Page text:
Corporate Banner
Satellite Banner
Genomics
Scientific Community
 
Become a Member | Sign in
Home>News>This Article
  News
Return

New Findings Regarding DNA Damage Checkpoint Mechanism in Oxidative Stress

Published: Thursday, June 20, 2013
Last Updated: Thursday, June 20, 2013
Bookmark and Share
Scientists uncover previously unknown surveillance mechanism.

In current health lore, antioxidants are well known to reduce the amount of “reactive oxygen species” -- cell-damaging molecules that are byproducts of cellular metabolism -- is critical to staying healthy.

What everyone doesn’t know is that our bodies already have a complex set of processes built into our cells that handle these harmful byproducts of living and repair the damage they cause.

For example, few of us realize that, while our cells’ DNA is constantly being damaged by reactive oxygen species (as well as by other forces), there are also complex mechanisms that constantly assess that damage and make repairs to our fragile genetic material at least 10,000 times a day in every cell in our bodies. The vital biochemical processes by which this constant DNA repair takes place are still only partially understood because of their complexity, speed, and the difficulty of studying complex interactions within living cells. Moreover, it remains unknown how cells sense the oxidatively damaged DNA in the first place.

In an article published in the Proceedings of the National Academy of Sciences (PNAS) a research team from University of North Carolina at Charlotte announced that they had uncovered a previously unknown surveillance mechanism, known as a DNA damage checkpoint, used by cells to monitor oxidatively damaged DNA.  The finding, first-authored by UNC Charlotte biology graduate student Jeremy Willis and undergraduate honors student Yogin Patel, was also co-authored by undergraduate honors student Barry L. Lentz and assistant professor of biology Shan Yan.

“DNA damage is the underlying pathology in many major human diseases, including cancers and neurodegenerative disorders such as Alzheimer’s and Parkinson’s, so arriving at a full understanding of the sophisticated mechanisms that cells usually employ to avoid such disastrous outcomes is important,” Yan noted.

Two biochemical pathways, known as ATM-Chk2 and ATR-Chk1, govern the cell’s response and repair of double-strand DNA breaks and other types of DNA damage or replication stress respectively. The molecular mechanisms underlying the ATR-Chk1 checkpoint activation include the uncoupling of DNA helicase and polymerase activities and DNA end resection of double-strand breaks.

“The significance of what we have found is that there is a third, previously unknown trigger for ATR-Chk1 checkpoint pathway, and this novel mechanism is discovered in the context of oxidative stress,” Yan said.

In particular, Yan’s team discovered that under conditions of oxidative stress (in the presence of hydrogen peroxide) a base excision repair protein known as APE2 plays unexpected roles in the checkpoint response: single-strand DNA generation and Chk1 association. The protein was previously known to be involved in the DNA repair of oxidative damage, but not to extent revealed in the study’s findings. The distinct role of APE2 in the single-stand DNA generation in 3’ to 5’ direction is referred to as single-strand break end resection (“SSB end resection”) by the authors.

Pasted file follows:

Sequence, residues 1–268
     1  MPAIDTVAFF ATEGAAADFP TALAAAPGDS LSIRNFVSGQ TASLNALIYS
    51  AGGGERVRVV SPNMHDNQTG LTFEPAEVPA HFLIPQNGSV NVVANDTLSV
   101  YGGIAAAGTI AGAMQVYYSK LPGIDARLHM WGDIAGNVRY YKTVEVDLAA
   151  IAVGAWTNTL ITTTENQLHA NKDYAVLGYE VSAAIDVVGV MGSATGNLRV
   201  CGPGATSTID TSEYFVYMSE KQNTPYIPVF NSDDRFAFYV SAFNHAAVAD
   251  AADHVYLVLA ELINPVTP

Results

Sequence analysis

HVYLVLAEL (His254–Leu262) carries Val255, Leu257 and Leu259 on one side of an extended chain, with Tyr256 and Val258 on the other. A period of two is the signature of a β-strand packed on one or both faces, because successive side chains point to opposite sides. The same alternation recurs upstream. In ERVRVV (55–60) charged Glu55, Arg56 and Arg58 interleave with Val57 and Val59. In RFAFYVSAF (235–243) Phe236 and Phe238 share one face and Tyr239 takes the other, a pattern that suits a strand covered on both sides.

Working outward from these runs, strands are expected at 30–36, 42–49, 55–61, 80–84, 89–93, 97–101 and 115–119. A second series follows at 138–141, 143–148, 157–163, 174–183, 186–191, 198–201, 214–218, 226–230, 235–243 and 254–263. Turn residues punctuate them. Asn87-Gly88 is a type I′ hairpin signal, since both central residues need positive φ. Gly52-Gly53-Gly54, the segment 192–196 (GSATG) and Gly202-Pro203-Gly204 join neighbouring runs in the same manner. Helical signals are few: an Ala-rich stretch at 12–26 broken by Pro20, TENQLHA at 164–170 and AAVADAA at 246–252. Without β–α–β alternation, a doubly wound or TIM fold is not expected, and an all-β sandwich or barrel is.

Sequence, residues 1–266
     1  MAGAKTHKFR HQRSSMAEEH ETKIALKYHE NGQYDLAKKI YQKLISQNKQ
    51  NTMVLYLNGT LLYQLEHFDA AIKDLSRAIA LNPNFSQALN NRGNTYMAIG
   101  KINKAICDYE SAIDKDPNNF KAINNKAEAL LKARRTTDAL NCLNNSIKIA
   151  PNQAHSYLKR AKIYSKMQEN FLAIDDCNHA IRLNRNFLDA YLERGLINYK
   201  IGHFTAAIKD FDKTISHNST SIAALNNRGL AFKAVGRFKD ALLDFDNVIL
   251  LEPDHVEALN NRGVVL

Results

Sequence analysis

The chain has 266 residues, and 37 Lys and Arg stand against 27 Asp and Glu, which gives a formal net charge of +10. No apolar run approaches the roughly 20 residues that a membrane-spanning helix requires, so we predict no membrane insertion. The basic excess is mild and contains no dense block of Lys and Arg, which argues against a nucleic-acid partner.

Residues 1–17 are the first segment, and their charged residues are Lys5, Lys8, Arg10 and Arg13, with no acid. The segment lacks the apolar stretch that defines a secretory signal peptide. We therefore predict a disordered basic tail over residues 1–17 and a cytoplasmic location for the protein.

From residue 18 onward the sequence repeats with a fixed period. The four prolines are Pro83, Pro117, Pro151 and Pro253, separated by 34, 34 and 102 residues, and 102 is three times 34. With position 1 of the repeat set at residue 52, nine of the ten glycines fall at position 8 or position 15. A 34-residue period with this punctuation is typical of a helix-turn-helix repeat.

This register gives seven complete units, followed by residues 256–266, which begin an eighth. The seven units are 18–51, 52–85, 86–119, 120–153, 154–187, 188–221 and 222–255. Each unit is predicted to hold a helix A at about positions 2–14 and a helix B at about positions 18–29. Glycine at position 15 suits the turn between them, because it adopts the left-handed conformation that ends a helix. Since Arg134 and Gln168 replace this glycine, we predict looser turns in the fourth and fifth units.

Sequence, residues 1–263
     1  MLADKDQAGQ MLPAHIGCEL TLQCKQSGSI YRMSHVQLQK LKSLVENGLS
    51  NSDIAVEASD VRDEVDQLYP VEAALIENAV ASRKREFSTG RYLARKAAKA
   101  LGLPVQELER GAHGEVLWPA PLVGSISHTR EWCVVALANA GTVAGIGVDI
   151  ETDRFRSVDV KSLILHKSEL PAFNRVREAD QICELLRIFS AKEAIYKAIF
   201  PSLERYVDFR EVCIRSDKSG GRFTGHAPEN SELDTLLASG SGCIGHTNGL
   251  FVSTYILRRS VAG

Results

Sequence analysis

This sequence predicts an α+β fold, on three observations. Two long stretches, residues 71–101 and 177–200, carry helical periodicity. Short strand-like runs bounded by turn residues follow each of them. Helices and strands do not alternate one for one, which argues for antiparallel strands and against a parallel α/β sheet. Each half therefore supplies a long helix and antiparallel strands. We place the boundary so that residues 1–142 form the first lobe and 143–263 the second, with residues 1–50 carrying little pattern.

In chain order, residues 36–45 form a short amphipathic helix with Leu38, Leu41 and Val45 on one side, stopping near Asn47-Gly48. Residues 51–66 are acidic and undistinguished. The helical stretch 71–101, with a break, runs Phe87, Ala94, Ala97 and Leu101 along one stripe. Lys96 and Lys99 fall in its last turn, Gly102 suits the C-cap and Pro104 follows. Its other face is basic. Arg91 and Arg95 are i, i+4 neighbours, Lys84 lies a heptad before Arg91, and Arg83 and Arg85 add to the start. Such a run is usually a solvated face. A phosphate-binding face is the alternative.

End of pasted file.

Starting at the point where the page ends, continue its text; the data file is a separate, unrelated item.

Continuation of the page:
The study involved experiments performed with Xenopus laves (the African clawed frog, a species commonly used as a lab animal) egg extracts – an experimental system that Yan’s lab has developed for studying DNA repair and checkpoint mechanisms in a cell-free conditions. Xenopus is useful because it is a vertebrate (and thus quite similar to humans in cell biology), and its egg cells can be easily produced and manipulated.

Yan is hopeful that this research will open new avenues to pharmacological strategies in drug development for cancer and neurodegenerative diseases.


Further Information
Access to this exclusive content is for Technology Networks Premium members only.

Join Technology Networks Premium for free access to:

  • Exclusive articles
  • Presentations from international conferences
  • Over 2,500+ scientific posters on ePosters
  • More than 3,800+ scientific videos on LabTube
  • 35 community eNewsletters


Sign In



Forgotten your details? Click Here
If you are not a member you can join here

*Please note: By logging into TechnologyNetworks.com you agree to accept the use of cookies. To find out more about the cookies we use and how to delete them, see our privacy policy.

Related Content

Autism Mutation Isolated – Could Be Treated with Specific Enzyme
The research shows the precise cellular mechanisms that could increase risk for the disorder and how an existing drug might help thousands of people with autism.
Monday, August 10, 2015
New Gene Therapy For Hemophilia Shows Potential As Safe Treatment
Research showed that bleeding events were drastically decreased in animals with hemophilia B. Using a viral vector to swap out faulty genes proved safe and could be used for the more common hemophilia A.